Theory of the innovation commons
This seminar will be about the theory of innovation, the possibilities of innovation policy, and the prospects of self-governance solutions. Specifically, I will explore what seem to be two distinct views on 'the innovation problem' (a la Arrow 1962). The first is the standard model of market failure that is solved through government action, with its suite of policy solutions including R&D tax credits, public funding of science & research, and intellectual property. The second views the innovation problem as a collective action problem that is solved through governance that develops rules for facilitate coordination, monitor and police free-riding (Ostrom 1990). This second model I call ‘the innovation commons’. In this talk I will propose and develop three theories about the institutional mechanisms that support such a commons: (1) a ‘two commons’ model of technical and market information resources; (2) evolution of cooperation arguments (Nowak 2006); and (3) defense against rent-seeking enclosure (Olsen 1982, Parente and Prescott 2001). These will be illustrated with examples from our case studies on additive manufacturing, open science, and sports.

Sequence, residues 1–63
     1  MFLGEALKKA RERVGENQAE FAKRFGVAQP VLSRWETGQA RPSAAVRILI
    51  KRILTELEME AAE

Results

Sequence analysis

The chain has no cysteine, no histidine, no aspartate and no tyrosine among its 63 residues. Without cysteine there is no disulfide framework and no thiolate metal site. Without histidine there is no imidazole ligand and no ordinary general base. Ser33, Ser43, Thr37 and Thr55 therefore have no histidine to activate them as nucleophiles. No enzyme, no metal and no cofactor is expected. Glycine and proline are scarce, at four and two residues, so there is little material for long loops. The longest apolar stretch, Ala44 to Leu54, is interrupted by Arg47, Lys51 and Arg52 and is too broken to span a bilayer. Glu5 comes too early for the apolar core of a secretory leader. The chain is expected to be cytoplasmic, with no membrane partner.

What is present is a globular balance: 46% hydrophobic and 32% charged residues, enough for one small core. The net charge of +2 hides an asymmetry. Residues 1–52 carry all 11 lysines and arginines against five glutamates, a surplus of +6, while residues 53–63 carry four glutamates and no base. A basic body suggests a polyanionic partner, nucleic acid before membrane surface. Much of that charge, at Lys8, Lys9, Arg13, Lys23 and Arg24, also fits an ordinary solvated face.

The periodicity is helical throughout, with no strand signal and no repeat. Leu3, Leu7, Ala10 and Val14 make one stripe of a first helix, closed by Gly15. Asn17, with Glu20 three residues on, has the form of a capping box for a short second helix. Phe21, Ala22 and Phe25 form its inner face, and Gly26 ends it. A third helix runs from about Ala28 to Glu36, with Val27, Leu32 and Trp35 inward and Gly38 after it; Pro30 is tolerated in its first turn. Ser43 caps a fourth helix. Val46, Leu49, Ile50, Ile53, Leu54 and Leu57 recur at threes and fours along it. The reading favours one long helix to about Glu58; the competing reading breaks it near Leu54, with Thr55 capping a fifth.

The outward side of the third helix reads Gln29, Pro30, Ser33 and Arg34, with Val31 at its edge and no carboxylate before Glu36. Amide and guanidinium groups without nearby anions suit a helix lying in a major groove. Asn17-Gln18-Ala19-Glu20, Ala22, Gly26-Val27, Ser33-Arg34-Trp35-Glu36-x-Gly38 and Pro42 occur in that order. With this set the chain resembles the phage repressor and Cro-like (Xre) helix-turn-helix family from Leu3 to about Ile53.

Ciudad Politécnica de la Innovación
Edificio 8E, Acceso J, Planta 4ª (Sala Descubre. Cubo Rojo)
Universidad Politécnica de Valencia | Camino de Vera s/n
BIO: Jason Potts is Professor of economics at RMIT University in Melbourne, Australia. His current work is on commons-based models of innovation, but works broadly on innovation theory and policy, evolutionary economics, institutional economics, cultural economics, and recently on applications of entrepreneurial and innovation economics to sports economics. His latest book is ‘Cultural Science: A natural history of stories, demes, knowledge and innovation’ (Bloomsbury, 2014).